Important reminder: All dogs must be on leads, and remember to keep clear of all livestock, especially sheep and sheep with lambs
6 March 2021
NB This walk includes a shorter alternative, returning to the main road before the road to Sailean.
We started between the Heritage Centre and the shop, in a small lane beside a cottage (known mysteriously as Hoppy’s cottage), which leads into Baleveolan Farm and a gate ahead on the left. We turned sharp right and followed the wall down, through another gate and over a stream before turning left to follow the coast heading south. Across the Firth of Morven, the Glensanda Quarry was clear and the going was easy.
A bit further on, a significant and very picturesque spot, Sloc an Eitheir (hollow of the boat) is thought to be one of only two of Lismore’s many illicit stills still recognisable. The steep path down to the secluded inlet in the firth of Morven has clearly been engineered and was quite navigable and could certainly have been an ideal spot from which to “export” whisky.
We continued south through a red gate, and then a silver one, into Baleveolan croft where we saw rescue Highland cattle and an extensive area of tree planting.
After the last gate/barrier we were on the Sailean road. Here, if you want a shorter walk, you can turn left and head back, eventually joining the main road past the shop to the Heritage Centre.
We carried on down the road to Sailean, passing through a red gate and feasting on the lovely vistas as we headed south and west. On the right was one of the most photographed cottages on the island and nearby is the port and the limekilns which made Sailean so important in the 19th and 20th centuries. It is still a very special place, and today the port is used by the Black family of Baligrundle who deal in shellfish. Their boat was in the bay.
There are information boards pinpointing the various buildings: the manager’s office, workers’ cottages, and a shop and a cottage on the pier. Many island kilns were probably operating by the mid-19th century, when lime burning was a major industry offering welcome employment. While some were still going up to World War I, Sailean continued into the 1930s, when the industry became undermined by cheap imports by rail.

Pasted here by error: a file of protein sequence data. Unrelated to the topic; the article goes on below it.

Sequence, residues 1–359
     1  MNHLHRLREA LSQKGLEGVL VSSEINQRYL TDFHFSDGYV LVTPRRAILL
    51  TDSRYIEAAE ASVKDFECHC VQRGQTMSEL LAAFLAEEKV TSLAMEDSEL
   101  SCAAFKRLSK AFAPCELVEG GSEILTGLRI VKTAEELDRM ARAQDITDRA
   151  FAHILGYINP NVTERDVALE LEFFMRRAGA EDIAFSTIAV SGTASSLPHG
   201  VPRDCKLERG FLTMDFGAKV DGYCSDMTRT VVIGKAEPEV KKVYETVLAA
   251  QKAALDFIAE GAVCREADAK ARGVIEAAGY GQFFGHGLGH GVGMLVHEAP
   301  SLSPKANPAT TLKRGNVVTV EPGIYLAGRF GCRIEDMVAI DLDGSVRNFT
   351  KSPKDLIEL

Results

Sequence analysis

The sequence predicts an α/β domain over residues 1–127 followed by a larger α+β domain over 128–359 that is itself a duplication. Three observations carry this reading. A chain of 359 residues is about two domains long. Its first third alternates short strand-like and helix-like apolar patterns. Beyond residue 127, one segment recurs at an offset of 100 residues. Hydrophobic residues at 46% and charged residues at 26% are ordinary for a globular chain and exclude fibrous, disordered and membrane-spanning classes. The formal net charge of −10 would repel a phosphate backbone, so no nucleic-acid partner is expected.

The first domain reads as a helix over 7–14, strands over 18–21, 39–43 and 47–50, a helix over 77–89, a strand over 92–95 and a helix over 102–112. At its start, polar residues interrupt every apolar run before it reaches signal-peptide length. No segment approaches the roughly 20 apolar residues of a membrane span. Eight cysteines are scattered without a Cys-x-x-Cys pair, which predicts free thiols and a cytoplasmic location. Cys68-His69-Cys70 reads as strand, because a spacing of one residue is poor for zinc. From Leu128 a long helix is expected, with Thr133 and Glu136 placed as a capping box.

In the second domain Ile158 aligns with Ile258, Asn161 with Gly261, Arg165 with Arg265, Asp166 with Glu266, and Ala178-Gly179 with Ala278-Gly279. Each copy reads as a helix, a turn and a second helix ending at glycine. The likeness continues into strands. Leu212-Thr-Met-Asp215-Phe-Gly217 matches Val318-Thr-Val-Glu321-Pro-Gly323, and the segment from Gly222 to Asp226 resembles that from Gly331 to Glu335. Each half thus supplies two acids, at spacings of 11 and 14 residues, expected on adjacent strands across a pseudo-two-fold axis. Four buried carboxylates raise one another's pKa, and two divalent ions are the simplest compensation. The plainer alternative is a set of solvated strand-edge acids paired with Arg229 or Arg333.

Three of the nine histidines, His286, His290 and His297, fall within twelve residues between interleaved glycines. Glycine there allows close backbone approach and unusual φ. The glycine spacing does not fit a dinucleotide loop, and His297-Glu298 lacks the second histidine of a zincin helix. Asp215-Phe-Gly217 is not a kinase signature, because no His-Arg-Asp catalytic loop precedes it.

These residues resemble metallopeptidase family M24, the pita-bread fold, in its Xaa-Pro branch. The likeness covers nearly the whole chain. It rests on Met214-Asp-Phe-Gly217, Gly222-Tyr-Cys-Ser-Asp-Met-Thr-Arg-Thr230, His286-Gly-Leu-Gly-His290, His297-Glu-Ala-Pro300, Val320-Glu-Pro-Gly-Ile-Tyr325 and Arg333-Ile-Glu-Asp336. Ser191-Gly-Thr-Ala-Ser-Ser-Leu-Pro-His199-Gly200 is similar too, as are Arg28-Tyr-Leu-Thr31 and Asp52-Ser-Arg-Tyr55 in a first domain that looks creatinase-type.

Quarrying limestone was arduous and dangerous, either hewing by hand or drilling for explosives. The museum has a set of quarrying tools from Sailean donated by James MacCormick, late of Killandrist.
We passed through a field normally used for the Lismore summer sports—on hold since lockdown—and enter a gate to The Sailean Project, an ambitious endeavour of Roger and Gilly Dixon-Spain, who are supplying the island with a variety of great food.
The route takes us past The Sailean Bothy (a holiday rental), a lime kiln, grazing Highland cattle and wonderful cliffs. It bypasses the house and leads to the Achinduin road where we turned left to get back to the main road.
On the corner, before we turned into the main road, is what was once the United Free Church and manse, which became the home and artists’ studio of the Odling family in 1972. In the 20th century, the Baligrundle church community, once quite viable, dwindled to just four families, including the Daisybank McCormicks and Achnacroish Blacks (the family of Donald Black, one of the founders of the Comann Eachdraidh). When the congregation lost its full-time minister a lay preacher ran summer services only. When these ended in 1970, the church and manse were sold.
There is no such thing as a dull walk on Lismore, whatever the weather. As Donald Black famously said: ‘Lismore is an island where each ruin, each knoll carries some tale, some secret tradition, unique to that spot’.